Babble On

So, in today’s front page Yahoo news two seemingly unrelated items caught my eye. In England, the powers that be have declared Druidism an official religion. Meanwhile, in California, Governor Arnold Schwarzenegger signed legislation to change the category of possession of marijuana from a misdemeanor to an infraction – something like a parking ticket.

Do these two disparate events signal a change in the cultural ethos? A revival of the misty 60s dreams of an Aquarian Age?

Probably not. But they got me thinking about how many little snowflakes it takes to make an avalanche. Effective social change is a process, and not a particularly graceful or painless one, as most of us learn eventually.

Take the Druids, for instance. For thousands of years they’ve existed, worshipping the sun, the moon and the stars, and, of course, trees. At some point society took a different path, and Druids were shoved off the A-list. Rumors spread of their supposedly dangerous rites. Since there’s no way to really know what they were doing in the woods back then, we can only speculate, our best thing.

Still, the Druids didn’t abandon their beliefs. Throughout the centuries they continued to gather at times of Solstice and Midsummer’s Eve to honor the Earth. Now that modern environmental science has spread a more enlightened view of the way the natural world works, it seems the Druids may finally be allowed to come out of the woods and into the light, should they so choose.

And perhaps the same thing will eventually happen for all the harmless potheads cowering in the dark in California and across the nation. Marijuana has been demonized since the 1940s in this country, but in Europe, where serious drug enforcement efforts are reserved for serious drugs like cocaine and heroin, the use of marijuana has long been tolerated. Of course, they have different ideas of what constitutes normal over there. But, that’s kind of the point, isn’t it?

Who gets to decide what is “normal” and what is “right?” In the United States, supposedly, we the people are in charge. But it doesn’t feel that way, does it? More and more it feels as if some mad engineer is driving the train of society into some bizarre place where anyone can be “famous” for a few minutes if they’re willing to make a fool of themselves on the Internet or television. Violence spreads like measles, the contagion inflamed by media hype.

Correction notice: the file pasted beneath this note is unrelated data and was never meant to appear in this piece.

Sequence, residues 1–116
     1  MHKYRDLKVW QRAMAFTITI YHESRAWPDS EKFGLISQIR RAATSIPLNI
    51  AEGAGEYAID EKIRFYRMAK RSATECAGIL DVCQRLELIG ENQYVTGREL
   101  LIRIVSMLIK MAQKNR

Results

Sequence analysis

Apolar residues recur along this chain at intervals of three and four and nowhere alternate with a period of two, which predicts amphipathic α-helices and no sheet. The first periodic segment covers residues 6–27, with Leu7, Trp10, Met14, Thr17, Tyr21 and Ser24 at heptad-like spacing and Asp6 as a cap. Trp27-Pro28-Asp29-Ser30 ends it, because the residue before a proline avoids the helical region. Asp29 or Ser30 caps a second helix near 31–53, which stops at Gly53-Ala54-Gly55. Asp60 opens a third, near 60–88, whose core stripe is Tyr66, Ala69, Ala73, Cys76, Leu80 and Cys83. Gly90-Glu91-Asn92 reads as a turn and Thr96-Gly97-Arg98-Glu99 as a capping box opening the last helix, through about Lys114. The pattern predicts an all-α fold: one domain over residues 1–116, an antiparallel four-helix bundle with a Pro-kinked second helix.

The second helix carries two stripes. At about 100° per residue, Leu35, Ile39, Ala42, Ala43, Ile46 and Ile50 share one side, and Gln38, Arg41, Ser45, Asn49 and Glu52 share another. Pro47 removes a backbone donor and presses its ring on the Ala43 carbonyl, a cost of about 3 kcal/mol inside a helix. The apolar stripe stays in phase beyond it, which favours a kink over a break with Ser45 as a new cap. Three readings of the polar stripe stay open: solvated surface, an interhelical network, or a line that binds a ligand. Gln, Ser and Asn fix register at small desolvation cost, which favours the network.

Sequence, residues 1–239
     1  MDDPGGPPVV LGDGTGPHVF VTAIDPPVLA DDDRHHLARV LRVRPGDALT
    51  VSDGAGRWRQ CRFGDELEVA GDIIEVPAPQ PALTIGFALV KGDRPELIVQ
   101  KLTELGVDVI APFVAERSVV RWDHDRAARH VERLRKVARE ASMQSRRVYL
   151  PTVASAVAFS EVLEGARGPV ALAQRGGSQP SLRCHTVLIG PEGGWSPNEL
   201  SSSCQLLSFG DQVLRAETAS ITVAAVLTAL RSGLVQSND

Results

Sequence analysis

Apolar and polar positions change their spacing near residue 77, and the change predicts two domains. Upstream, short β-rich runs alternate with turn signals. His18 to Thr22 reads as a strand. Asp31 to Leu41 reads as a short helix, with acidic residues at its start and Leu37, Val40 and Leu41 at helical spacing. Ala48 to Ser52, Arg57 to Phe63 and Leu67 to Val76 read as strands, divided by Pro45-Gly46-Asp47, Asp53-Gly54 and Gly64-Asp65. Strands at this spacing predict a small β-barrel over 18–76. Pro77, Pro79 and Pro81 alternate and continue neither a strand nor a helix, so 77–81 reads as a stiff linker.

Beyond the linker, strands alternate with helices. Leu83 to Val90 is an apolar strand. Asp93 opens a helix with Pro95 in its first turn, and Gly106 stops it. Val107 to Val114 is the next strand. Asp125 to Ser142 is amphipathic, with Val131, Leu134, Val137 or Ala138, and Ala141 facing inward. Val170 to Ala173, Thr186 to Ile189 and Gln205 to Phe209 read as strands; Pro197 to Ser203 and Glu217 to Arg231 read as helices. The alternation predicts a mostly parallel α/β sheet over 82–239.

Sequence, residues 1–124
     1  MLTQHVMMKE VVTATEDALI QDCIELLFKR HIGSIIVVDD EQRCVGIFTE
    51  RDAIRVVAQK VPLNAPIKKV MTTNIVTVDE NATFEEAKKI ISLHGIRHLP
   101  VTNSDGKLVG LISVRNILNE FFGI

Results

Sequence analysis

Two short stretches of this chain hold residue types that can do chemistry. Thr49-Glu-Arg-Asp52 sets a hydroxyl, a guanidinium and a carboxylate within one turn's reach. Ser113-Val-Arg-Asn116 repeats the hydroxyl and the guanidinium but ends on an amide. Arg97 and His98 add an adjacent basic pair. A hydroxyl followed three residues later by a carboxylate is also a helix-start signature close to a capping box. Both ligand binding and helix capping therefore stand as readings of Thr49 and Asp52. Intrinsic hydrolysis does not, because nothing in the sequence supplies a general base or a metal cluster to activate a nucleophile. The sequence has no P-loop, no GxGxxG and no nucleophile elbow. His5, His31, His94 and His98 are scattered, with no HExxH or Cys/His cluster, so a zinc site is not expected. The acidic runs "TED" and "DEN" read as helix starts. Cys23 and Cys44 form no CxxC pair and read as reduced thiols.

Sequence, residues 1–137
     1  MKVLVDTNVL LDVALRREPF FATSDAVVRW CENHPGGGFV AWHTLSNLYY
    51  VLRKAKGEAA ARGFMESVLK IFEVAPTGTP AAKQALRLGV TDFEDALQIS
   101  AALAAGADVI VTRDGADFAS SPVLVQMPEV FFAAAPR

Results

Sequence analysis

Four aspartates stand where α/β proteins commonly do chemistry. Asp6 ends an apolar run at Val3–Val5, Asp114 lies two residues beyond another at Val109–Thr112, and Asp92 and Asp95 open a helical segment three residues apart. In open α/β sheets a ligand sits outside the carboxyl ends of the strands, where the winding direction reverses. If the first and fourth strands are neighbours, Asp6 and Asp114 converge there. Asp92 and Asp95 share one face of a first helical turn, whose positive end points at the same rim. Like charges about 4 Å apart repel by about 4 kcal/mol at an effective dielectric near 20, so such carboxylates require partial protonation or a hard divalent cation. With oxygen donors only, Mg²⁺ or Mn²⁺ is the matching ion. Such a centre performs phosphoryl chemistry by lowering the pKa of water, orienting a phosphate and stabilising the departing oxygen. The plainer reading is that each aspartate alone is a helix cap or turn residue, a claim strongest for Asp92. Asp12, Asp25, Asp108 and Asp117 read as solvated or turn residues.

How do we wrest control from the crazies?

It would be nice to think that we could do it by following the path prescribed by Gandhi and Martin Luther King. If we simply refuse to participate in injustice and barbarity, will it stop? Maybe. Eventually. But the evidence seems to indicate that it takes a whole lot longer than a single lifetime. And I wonder, looking at the climate change models, if we have time.

It would be great if we could find some kind of miraculous way to bring peace and prosperity to all the people of the world. Some people think it could be achieved if we all applied our minds to it at the same time. I’m not so sure, but at this point, it might not hurt to try brain power. The brute force option seems to be getting us nowhere.

I’ve never been able to get excited about meditation as a discipline, although I spend a lot of time sitting around thinking. Maybe I’ve been doing it wrong. This Sunday, October 3, for the fifth year in a row, a worldwide group of concerned citizens will be united for three minutes of silent meditation. Three minutes doesn’t seem like much. But I guess the idea is that if several million people all do it together, the combined effect might actually have some sort of tangible result.

According to the Himalayan Institute, “The idea is that once you have a number of people coming together in a group you intensify the impact of changes in consciousness that happen during meditation. The body, brain, mind, and heart are all aligned. In that state we can also align much more readily with each other. And we align more with those close to us, and that amplifies the effect. With a large group you can have a constructive interference. It’s a common phenomenon in physics with waves of any type. A laser is a good example. If you have light wave emitting diodes emitting the same frequency, then they’ll all fall into synchrony with each other so you get a much more powerful wave. ”

Well, I expect the Druids will be doing it. Maybe even Governor Schwarzenegger. Desperate times call for desperate measures. Maybe it’s time to start thinking harder.

One thought on “Babble On”

  1. Hi Connie – Looked to see what you’ve posted and came upon this one. How were you at 7 p.m. Sunday? Good, over here.
    My favorite experience with directed energy was back at Woodstock. The rain, the rain – what a pain. Chip Monck asked the crowd to focus on a dark raincloud in the sky. Those of us who weren’t too wrecked already did so. Within about 5 – 10 minutes, the cloud began dissipating. I watched it: it didn’t disappear or drift, it broke up in a very obvious, visual way.
    My favorite anti-war song back then had the line, “Hear the marching. Hear the drums. Suppose they give a war and no one comes.” Lots of folks at demonstrations said, “Turn your back on it (war), say ‘F*ck it’ and walk away.”
    Personally, I’ve thought (for a long, long time) if something is Too Hard or Too Easy, it’s probably not worth it. It’s the simple life for me!

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